Basic Report

Let's review a sample report from Google Analytics and discuss the sections.

Dashboard

Dates
At the top of the report, note the date range that specifies what site data is shown. While this sample is displayed as a PDF, on the corresponding page in Google Analytics you can specify the range of dates you want to view data for, as well as opt to compare data between two date ranges (ie, comparing a week or month with the same time span last year).

Graph
Below the date range is a visual graph representing the number of site visits during the targeted time frame. Online you can change this graph to display points for daily, weekly, or monthly visit data. In addition you can view specific point data when you mouse over each graph point online, or view the detailed data for a date/graph point by clicking on it.

Export/E-mail & Segments
Not visible on the sample report PDF (but available on report pages in Google Analytics) are options above the Dashboard section that allow you to export the displayed report page to a PDF or XML document or share the report with someone via and e-mail message.

In addition, you can specify up to four "segments" of the site data to display in the report, such as All Visits, New Visitors, Returning Visitors, Search Traffic, Mobile Traffic, etc. This can be helpful if you want to consider a particular segment of the site visit population.

Site Usage

The Site Usage section highlights site visits, pageviews, the average visit depth (pages/visit), the bounce rate, the average time a visitor spent on the site, and the percentage of site visitors who had never been to the site before. See the glossary page for definitions of these terms.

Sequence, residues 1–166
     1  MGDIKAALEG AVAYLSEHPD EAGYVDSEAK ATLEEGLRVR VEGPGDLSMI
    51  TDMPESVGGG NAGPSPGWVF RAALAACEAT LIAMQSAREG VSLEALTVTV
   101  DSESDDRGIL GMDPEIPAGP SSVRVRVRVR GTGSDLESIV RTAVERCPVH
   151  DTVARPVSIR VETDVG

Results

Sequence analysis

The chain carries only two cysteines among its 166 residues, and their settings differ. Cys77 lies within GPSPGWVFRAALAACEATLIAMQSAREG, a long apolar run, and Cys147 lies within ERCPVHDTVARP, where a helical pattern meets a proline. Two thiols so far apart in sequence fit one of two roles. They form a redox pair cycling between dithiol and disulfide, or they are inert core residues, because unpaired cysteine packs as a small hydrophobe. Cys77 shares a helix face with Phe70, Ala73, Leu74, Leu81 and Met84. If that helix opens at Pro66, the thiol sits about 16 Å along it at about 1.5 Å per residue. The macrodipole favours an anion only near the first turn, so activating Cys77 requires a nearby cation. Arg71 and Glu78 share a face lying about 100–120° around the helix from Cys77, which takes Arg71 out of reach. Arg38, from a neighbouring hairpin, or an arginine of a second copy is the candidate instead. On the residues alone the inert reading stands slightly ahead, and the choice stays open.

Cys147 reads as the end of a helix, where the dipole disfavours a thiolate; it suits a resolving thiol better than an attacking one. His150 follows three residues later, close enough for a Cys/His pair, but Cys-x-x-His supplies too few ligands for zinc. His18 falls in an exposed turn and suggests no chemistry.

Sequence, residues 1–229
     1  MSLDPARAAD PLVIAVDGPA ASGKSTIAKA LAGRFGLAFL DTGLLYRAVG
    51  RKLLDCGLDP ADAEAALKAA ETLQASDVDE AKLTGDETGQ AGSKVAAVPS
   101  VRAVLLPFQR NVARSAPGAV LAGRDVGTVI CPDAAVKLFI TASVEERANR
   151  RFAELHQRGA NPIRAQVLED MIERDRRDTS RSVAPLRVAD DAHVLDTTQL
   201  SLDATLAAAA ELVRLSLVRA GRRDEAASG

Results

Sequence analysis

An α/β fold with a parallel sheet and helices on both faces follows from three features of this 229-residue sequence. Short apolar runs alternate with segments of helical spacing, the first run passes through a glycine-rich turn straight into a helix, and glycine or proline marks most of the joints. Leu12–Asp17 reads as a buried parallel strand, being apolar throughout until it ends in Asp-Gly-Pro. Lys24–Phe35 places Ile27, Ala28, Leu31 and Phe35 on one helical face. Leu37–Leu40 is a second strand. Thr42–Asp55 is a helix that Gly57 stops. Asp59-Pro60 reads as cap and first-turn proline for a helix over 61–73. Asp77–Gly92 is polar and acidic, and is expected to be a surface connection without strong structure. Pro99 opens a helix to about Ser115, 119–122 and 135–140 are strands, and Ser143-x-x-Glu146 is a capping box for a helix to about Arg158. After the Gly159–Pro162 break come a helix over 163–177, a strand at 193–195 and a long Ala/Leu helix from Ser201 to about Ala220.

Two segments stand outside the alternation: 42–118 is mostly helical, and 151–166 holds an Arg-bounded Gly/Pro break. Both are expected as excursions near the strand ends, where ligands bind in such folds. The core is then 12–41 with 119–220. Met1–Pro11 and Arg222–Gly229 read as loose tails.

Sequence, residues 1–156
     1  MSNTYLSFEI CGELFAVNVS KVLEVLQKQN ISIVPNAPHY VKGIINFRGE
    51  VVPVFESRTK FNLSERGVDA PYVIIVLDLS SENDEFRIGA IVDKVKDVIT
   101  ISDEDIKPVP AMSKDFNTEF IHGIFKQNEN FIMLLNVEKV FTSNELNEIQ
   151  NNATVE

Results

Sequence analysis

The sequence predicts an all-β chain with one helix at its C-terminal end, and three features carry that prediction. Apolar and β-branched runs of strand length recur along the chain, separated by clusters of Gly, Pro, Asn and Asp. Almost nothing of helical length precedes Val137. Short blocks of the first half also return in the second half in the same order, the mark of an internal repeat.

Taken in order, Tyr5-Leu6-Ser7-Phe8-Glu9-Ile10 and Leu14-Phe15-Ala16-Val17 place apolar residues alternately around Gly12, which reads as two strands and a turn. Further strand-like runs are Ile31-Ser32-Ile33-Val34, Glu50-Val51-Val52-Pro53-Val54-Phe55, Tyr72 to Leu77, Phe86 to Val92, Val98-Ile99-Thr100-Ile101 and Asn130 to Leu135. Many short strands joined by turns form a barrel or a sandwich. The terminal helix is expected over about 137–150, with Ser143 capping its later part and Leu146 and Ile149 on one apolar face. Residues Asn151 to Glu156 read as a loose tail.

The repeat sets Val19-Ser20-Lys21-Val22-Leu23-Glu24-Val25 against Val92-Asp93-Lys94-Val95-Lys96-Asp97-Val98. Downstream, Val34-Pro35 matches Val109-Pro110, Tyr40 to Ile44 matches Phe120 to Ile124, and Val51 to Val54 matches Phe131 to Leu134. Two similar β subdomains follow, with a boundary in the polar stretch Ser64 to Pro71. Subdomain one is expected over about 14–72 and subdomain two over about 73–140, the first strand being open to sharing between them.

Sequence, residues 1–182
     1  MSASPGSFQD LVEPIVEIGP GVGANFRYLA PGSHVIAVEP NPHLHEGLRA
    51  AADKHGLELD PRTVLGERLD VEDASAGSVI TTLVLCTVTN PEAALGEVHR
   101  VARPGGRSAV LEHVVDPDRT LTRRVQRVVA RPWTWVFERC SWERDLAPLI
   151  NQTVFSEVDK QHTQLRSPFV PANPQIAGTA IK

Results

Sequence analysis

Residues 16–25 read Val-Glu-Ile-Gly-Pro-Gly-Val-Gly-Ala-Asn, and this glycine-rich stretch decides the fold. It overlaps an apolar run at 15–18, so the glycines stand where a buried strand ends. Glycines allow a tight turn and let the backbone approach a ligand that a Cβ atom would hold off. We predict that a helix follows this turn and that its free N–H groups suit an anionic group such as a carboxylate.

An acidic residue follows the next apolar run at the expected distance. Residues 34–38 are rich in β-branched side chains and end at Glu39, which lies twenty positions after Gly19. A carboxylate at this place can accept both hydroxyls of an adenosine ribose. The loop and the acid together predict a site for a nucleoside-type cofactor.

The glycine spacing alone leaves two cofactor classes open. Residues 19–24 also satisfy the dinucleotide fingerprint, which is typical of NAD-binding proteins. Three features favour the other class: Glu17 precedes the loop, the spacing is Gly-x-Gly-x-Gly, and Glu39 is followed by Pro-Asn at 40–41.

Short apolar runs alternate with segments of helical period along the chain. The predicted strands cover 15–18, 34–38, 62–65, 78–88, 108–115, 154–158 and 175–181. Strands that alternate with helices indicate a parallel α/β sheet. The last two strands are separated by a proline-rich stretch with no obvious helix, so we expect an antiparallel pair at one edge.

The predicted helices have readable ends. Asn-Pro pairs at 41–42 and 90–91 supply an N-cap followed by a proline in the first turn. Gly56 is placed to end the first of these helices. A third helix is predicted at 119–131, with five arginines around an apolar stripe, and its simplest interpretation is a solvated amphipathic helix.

Online, clicking on any of the items in the Site Usage section will break out a more detailed look at that particular type of data over the date range displayed in the report. For instance, clicking on the word pageviews yields a page displaying pageview data for the timeframe in question.

Visitors Overview

The Visitors Overview page lists the same statistics that were displayed in the Site Usage section of the main page, but adds in the total number of unique visitors during the targeted time frame.

As with these key terms on the main page, online you can click on any of them to get a more detailed view, as well as having online options to export or email the report data, change the date range displayed, and change the displayed metrics.

At the bottom of the Visitors Overview page is a section reflecting the technical profile of site visitors, identifying the popular browsers and connection speeds used when accessing your site. Online you can elect to view full reports on these topics, as well as data on the following visitor-related data:

  • languages
  • operating systems
  • screen colors and resolutions
  • Java and Flash support

Traffic Sources Overview

The Traffic Sources Overview page highlights whether visitors came to your site directly (ie, by typing in the URL or using a bookmark), through a referring website, or through a search engine. The tables at the bottom of the table document traffic sources and the keywords visitors used when they found the site via a search engine.